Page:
Today, Karin Holmfeldt, researcher in marine microbiology at Linnaeus University, was awarded a scholarship of SEK 100,000 from the hands of his majesty King Carl XVI Gustaf. She was awarded the scholarship for her studies of how viruses change the behavior of bacteria.
"This feels really great and will open new possibilities for me to continue my research on how marine viruses affect the metabolism of bacteria, which is still a relatively unexplored field of research", Karin Holmfeldt explains.
Each litre of sea water contains roughly 10 billion viruses, but instead of making people and animal sick these viruses infect mainly bacteria. Despite the fact that these viruses make up the world's largest gene pool, and have a major impact on bacteria, we know relatively little about them.
"Still today, we actually don't know anything about how viruses affect the metabolism of marine bacteria. What we do know, however, is that bacteria play a key role in the ecological cycles of our oceans. Bacteria are the fundamental organisms in all carbon and nutrition cycles, making the ecosystem go round, for instance through decomposition of algal bloom. Therefore, it is important to understand how viruses affect bacteria", says Karin Holmfeldt.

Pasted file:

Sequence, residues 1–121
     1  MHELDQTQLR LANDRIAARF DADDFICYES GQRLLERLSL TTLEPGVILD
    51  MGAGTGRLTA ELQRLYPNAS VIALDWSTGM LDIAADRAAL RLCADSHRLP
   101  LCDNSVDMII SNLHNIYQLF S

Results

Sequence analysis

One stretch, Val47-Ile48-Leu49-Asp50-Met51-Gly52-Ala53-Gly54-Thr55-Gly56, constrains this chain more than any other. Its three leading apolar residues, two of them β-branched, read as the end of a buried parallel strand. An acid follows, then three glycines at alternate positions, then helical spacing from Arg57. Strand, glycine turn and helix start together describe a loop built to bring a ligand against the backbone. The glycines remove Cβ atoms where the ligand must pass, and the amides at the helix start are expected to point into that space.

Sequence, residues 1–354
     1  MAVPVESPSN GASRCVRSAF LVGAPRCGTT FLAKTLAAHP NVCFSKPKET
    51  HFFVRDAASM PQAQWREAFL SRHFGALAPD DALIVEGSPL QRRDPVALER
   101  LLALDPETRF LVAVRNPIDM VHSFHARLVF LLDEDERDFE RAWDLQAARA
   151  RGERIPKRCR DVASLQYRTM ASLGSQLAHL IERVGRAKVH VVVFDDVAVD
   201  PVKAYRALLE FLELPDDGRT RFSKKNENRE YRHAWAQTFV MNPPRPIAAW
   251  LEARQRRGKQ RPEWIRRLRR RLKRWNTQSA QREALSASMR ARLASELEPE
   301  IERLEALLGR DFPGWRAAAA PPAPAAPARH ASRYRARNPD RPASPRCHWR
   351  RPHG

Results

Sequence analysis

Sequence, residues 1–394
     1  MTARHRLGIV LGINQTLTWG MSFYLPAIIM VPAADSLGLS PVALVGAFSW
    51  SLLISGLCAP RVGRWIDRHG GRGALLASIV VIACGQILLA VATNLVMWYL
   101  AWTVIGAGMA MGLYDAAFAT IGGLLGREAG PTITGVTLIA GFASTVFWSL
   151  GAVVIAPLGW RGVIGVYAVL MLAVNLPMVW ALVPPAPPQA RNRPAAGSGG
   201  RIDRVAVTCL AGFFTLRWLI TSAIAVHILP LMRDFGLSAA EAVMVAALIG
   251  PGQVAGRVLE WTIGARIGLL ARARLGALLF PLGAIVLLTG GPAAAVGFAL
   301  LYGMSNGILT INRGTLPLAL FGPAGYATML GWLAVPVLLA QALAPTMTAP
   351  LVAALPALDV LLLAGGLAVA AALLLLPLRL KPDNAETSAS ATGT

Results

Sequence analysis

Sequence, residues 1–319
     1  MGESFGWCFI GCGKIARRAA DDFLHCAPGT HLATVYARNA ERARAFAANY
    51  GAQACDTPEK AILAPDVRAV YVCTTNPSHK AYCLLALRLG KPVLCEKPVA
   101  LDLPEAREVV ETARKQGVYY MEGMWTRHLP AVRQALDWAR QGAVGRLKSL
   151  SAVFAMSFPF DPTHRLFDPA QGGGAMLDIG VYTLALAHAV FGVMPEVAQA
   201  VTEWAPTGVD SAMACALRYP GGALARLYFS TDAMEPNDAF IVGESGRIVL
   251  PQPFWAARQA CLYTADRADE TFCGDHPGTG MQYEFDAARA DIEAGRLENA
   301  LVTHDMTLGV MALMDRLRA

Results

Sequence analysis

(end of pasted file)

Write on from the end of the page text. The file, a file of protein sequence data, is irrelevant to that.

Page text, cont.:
The money from the scholarship will, among other things, be used to purchase equipment that makes it possible to study the RNA of viruses and their host bacteria. In this way, Karin Holmfeldt hopes to be able to contribute with completely new knowledge about how viruses change the behavior and global nutrition webs of bacteria.
Karin Holmfeldt is part of the prominent research centre Linnaeus University Centre for Ecology and Evolution in Microbial model Systems, EEMiS